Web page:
Samson’s Take: Demos since police lost power of secret injunctions

Samson Anyenini S0e Samson Anyenini is a Private legal practitioner

Sat, 16 Feb 2019 Source: Samson Lardy Anyenini

In November 2015, the High Court (Human Rights Division) presided over the trainer of judges, Justice Dennis Adjei delivered a decision that has stopped police from secretly obtaining injunctions against demonstrations. The police, hitherto, mastered the art of running to the lower court; the Circuit Court, often a day before a lawful demonstration and springing the injunctive order on organisers the night before or the morning of the event.

They always had plenty excuses to give including that there was some more important event on the chosen day or that they did not have sufficient officers to police a demonstration because of some special duty on the day. I can’t recall the last time they came up with a lame excuse to foil a demonstration. Yes, they seem to have suddenly lost all the flimsy excuses since the court ruled that they couldn’t obtain such injunctions from the Circuit Court, and in applying to the High Court for such injunctions, they couldn’t do so ex parte (i.e. on the blindside of event organisers).

The requirement now is that they must apply to the High Court and must give notice to the other side to come to argue against their application because the right to demonstrate is a fundamental human right guaranteed by the Constitution of Ghana. So, you see, when law works in a society, it forces even lazy police officers who are given to take instructions from politicians to not only sit up, but imbued with power to do right by citizens, rather than abuse the power and persecute rather than protect citizens for whose welfare they have a job.

Recently, it was a delight to watch demonstrating citizens insist and point the police to their constitutional and birthrights when they allegedly attempted to dictate and frustrate their march protesting the mindless bloodshed in Bawaleshie and insecurity in the country.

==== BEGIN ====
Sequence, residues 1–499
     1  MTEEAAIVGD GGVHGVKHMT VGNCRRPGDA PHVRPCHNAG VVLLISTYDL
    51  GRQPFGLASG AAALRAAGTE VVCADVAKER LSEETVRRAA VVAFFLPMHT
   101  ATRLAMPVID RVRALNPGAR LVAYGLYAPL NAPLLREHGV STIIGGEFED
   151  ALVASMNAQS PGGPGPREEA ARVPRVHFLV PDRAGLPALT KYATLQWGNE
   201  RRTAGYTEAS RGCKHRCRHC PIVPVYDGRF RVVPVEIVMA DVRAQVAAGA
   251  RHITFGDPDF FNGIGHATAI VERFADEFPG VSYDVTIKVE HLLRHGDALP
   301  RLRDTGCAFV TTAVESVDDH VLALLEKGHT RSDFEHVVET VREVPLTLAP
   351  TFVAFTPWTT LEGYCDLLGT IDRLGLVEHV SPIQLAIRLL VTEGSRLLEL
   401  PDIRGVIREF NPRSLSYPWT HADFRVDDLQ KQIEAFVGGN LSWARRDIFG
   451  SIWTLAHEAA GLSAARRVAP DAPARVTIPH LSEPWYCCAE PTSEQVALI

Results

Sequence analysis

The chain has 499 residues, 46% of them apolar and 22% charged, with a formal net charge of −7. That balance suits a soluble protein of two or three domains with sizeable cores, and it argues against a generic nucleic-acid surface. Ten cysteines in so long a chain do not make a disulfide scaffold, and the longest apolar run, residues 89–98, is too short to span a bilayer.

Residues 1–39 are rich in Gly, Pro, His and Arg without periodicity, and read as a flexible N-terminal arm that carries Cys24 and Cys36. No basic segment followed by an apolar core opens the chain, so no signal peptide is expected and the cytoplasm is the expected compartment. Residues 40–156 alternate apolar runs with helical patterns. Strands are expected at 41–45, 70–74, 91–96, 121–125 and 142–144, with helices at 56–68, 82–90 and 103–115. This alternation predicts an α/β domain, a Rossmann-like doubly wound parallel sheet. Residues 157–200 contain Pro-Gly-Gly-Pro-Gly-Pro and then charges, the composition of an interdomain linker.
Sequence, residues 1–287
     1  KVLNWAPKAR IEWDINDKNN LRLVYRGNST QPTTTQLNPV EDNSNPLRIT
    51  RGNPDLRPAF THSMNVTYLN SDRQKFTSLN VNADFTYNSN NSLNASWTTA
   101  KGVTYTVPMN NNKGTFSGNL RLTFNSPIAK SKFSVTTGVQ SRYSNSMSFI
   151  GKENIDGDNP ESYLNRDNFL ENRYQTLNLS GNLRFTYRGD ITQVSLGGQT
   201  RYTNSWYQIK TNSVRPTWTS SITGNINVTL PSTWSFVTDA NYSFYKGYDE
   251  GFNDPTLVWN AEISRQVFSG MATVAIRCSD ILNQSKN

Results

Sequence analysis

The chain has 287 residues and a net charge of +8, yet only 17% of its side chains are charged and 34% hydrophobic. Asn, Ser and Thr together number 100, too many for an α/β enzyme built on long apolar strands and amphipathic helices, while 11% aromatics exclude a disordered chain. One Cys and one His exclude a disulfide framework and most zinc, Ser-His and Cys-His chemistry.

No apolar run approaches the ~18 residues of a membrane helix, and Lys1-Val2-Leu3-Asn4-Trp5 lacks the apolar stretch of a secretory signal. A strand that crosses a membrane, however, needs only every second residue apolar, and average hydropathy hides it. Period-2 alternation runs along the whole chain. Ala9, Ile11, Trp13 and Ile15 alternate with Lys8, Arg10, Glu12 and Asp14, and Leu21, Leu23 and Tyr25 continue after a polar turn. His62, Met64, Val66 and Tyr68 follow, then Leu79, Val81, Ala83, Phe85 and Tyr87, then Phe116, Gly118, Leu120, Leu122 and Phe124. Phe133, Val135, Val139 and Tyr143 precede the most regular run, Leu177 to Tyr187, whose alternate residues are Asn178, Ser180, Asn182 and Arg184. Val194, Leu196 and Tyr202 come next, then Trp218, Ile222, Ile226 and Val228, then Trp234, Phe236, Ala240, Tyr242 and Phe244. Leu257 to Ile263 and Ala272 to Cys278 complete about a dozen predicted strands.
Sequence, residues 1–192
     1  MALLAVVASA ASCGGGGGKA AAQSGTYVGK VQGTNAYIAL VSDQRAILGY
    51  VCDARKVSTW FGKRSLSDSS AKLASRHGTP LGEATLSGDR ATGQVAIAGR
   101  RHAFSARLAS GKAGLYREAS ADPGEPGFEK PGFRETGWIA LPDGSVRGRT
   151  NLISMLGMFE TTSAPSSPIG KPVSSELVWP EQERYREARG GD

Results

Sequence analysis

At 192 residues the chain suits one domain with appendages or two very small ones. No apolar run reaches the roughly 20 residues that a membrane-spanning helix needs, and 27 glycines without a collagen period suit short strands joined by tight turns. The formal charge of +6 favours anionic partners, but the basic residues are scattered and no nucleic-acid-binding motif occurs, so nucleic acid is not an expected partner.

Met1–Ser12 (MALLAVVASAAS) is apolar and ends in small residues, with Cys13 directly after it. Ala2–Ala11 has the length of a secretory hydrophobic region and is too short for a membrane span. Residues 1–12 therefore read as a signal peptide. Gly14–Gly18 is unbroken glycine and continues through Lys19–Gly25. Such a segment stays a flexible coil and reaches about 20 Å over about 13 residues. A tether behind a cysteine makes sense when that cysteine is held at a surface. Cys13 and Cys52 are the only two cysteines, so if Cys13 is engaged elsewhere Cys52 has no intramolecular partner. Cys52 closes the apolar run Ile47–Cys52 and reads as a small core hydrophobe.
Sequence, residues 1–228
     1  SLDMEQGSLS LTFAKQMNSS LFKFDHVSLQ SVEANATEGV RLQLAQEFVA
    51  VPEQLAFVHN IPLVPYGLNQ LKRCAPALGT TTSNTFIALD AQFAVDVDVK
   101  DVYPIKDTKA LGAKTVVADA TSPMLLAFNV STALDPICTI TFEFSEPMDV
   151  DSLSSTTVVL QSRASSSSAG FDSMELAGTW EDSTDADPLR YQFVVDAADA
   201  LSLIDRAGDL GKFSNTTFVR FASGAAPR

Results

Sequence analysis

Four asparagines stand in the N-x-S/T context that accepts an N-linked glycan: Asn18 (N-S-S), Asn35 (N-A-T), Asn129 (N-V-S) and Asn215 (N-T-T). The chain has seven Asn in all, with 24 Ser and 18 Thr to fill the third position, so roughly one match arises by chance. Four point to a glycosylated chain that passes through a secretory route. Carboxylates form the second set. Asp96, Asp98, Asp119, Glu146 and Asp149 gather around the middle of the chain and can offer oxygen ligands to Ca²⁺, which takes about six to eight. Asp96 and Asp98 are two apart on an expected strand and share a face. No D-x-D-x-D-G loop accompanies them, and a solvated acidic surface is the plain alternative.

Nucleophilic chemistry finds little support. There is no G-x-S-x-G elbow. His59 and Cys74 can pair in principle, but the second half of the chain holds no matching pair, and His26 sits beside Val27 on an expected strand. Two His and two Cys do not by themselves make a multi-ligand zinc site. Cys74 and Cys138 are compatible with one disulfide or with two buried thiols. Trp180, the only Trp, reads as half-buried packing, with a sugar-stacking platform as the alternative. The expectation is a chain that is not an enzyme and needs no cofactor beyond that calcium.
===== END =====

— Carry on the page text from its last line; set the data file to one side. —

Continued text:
Let’s enjoy life using the law. The law is that citizens planning to hold in a public place a special event like a demonstration, procession, carnival, street dance do not require permission from the police but must notify them not less than five days to the event. The local police station must be informed of the nature of the event, date, time of commencement and closure, the venue and proposed routes and destination.

The officer, not below the rank of ASP or officer in charge of the station who receives the notice may request, not order, a postponement or relocation of the event. This request must only be made because of sound reason that the event will result in violence or endanger public defence, public order, public safety, public health or the running of essential services or violate the rights and freedoms of others.

The organisers must then write, within forty-eight hours of the request to indicate their willingness to comply, and if they fail, the police can only stop the event by a court order.

It is important to cooperate with the police because you need them to maintain order. And don’t forget that if there is a breach of the law including hitting the streets without the notification or if there be damage to property during the demonstration, organisers will suffer alone or along with law-breaking demonstrators. If found guilty, you will not only pay for the damage caused but could pay up to GHC 3000.00 or plus spend up to one year in jail.

Read the Public Order Act, 1994 (Act 491) and Article 21 of the 1992 Constitution for more.

Samson Lardy ANYENINI

February 16, 2019

Columnist: Samson Lardy Anyenini